Officer Ben Fields was not taught to use defensive tactics, including physical restraint, in his training to be a school resource officer, an instructor at the South Carolina Criminal Justice Academy told BuzzFeed News.
Fields is on unpaid suspension as federal authorities conduct a civil rights investigation into a video that shows him picking up a student and throwing her out of her chair in the middle of a class at the Spring Valley High School.
Fields, 34, is a School Resource Officer (SRO) for Spring Valley High School. SROs are trained be liaisons between schools, communities and law enforcement. In 2010, Fields underwent a 40-hour training class to be an SRO at the South Carolina Criminal Justice Academy, instructor Florence McCants told BuzzFeed News.
"We don't teach defensive tactics during this course," McCants said. By the time police officers get to the SRO level, they would have already learned defensive tactics as part of their basic law enforcement training, she said.
The SRO class that Fields attended involves teaching officers problem-solving techniques, McCants said.
While refusing to comment on whether Fields followed protocol while throwing the student before arresting her, McCants said SROs would typically get physical if "it gets to the point where children are fighting."
On Tuesday, Sheriff Leon Lott said that a third video showed the student "hitting the SRO with her fists and striking him." Still, he said, that's "not what i’m looking at" in his investigation, which will determine if Fields broke protocol. He said he expects to make a determination by Wednesday.
"[SROs are] dealing with students, they're trained how to deal with students...and how to build a positive relationship," Lott said. He said the SROs should be a "friend to these students."
McCants said that the response of SROs would differ on a case by case basis and there were "no specific rules" that applied to every situation.
"We encourage communication to get [students'] compliance, but if they are resistant, SROs have to apply certain techniques," she said, adding that it depended on the officer's judgement in each case.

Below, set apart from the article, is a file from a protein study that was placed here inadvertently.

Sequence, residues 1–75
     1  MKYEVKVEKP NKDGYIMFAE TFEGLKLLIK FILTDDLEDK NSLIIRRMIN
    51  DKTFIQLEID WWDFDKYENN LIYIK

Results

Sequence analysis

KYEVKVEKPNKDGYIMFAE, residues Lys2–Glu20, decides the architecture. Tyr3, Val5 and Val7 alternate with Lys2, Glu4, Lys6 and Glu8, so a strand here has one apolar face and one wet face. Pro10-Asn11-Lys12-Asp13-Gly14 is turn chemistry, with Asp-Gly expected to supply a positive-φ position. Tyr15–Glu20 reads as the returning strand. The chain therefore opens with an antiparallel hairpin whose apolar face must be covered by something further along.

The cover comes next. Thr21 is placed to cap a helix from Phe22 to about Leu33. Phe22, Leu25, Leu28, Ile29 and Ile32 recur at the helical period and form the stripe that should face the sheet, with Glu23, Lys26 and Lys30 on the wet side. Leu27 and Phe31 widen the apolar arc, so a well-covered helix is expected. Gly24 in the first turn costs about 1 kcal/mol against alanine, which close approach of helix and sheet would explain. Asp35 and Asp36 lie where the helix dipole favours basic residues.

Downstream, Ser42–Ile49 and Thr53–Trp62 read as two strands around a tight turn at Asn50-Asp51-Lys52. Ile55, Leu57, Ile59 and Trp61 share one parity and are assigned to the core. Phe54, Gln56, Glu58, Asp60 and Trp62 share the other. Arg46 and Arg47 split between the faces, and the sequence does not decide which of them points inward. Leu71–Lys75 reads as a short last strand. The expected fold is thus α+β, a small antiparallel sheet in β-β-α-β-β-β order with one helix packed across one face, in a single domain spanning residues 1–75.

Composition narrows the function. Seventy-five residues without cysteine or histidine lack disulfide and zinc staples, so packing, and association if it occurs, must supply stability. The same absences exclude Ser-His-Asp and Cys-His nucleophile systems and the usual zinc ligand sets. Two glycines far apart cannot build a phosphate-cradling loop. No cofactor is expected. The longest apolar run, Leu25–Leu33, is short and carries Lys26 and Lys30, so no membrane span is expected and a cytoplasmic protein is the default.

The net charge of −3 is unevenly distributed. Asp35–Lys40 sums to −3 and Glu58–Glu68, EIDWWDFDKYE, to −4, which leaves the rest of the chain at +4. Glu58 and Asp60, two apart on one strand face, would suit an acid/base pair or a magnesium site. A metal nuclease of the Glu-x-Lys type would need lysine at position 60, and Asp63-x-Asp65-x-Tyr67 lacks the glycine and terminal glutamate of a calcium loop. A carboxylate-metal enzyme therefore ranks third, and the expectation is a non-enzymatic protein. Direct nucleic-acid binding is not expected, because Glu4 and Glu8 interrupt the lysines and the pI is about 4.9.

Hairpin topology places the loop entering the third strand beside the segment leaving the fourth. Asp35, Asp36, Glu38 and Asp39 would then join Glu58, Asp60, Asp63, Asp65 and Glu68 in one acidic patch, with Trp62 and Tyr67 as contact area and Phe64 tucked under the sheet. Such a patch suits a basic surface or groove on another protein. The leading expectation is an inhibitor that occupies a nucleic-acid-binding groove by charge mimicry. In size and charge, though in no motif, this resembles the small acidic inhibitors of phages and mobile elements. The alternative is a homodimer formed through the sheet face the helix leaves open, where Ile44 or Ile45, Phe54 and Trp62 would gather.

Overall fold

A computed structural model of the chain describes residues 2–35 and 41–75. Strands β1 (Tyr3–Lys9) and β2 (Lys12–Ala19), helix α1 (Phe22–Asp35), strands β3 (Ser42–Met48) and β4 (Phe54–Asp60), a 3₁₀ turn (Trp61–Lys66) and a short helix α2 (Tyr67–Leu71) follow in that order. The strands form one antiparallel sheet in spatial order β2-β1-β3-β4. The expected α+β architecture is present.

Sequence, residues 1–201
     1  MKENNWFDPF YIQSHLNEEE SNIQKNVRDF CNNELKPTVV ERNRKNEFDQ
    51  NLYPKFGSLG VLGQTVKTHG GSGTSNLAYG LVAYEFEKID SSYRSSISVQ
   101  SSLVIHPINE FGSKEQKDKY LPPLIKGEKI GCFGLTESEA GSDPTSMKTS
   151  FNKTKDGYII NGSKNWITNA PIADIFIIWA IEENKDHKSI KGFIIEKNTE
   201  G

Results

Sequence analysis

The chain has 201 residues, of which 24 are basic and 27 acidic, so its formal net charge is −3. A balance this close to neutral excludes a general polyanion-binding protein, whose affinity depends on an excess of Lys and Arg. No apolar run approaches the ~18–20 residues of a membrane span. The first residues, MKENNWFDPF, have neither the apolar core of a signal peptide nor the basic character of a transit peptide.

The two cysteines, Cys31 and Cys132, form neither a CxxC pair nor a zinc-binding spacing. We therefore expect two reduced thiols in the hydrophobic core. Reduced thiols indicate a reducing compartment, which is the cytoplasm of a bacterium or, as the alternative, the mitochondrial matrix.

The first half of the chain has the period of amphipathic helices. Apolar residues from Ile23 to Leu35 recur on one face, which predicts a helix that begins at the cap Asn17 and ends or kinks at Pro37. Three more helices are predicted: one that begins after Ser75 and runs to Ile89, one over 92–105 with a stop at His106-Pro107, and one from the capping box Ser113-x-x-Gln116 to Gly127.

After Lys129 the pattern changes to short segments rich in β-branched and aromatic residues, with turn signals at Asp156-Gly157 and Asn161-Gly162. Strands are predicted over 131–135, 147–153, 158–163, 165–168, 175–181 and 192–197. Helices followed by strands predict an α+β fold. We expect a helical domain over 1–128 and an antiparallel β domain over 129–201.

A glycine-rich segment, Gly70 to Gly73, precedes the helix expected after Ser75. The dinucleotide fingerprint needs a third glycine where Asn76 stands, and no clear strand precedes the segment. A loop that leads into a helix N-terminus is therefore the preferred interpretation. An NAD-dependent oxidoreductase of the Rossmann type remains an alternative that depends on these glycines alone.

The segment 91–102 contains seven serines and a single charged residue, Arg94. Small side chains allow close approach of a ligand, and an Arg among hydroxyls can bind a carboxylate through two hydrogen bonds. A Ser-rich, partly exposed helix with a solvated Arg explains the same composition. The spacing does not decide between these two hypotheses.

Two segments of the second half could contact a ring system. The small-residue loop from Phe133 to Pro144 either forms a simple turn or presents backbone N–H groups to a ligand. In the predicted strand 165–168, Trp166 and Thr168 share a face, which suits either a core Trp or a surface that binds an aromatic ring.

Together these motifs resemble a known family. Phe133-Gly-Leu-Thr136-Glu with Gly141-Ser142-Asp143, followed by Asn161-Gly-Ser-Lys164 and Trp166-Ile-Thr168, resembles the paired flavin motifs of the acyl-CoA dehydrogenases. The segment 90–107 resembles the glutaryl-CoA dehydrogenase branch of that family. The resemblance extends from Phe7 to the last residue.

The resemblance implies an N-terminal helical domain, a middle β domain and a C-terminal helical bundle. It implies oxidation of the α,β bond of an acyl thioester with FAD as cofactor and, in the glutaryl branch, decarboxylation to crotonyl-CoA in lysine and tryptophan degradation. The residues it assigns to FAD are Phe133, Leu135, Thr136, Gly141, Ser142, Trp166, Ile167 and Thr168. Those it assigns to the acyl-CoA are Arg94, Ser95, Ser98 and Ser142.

SROs are primarily meant to "keep peace and order within the school," according to McCants.
"The SRO is neither a disciplinarian nor a hall monitor for the school;
these jobs remain with the principal and the faculty," reads the 2015-16 student and parents' handbook by the Richland County School District 1.
Richland County School District 2, which Spring Valley High School is part of, claims to be one of the first districts to employ School Resource Officers.
"And we are the only district in the state to have a full-time staff of more than 20 district security officers that work 24/7 shifts, 365 days a year," according to the school district handbook.
The county has 87 SROs, the "largest in the state," Lott said. The program has been in place for at least 19 years. Officers are picked for the program and move through the system at the discretion of the sheriff and the schools.
"Most discipline problems can be resolved by the teacher, student and parent in a calm and reasonable manner," the Richland County School District 2 handbook reads. "However, in cases where the student’s behavior affects the safety or learning opportunities of other students, additional disciplinary action must be taken."
“I have some concerns about officers being [in classrooms]...is our responsibility to go in there and remove that student?" Lott said. "Or the teacher and administrators?”
“Should the officer have been called to get involved...is that our job or school’s job?” Lott asked.
McCants said that an SROs' authority can supersede that of the school principal or faculty when the student is involved in a criminal matter, such as possession of drugs or weapons.
The Richland County School District and the Richland County Sheriff's Department did not respond to BuzzFeed News' request for comment.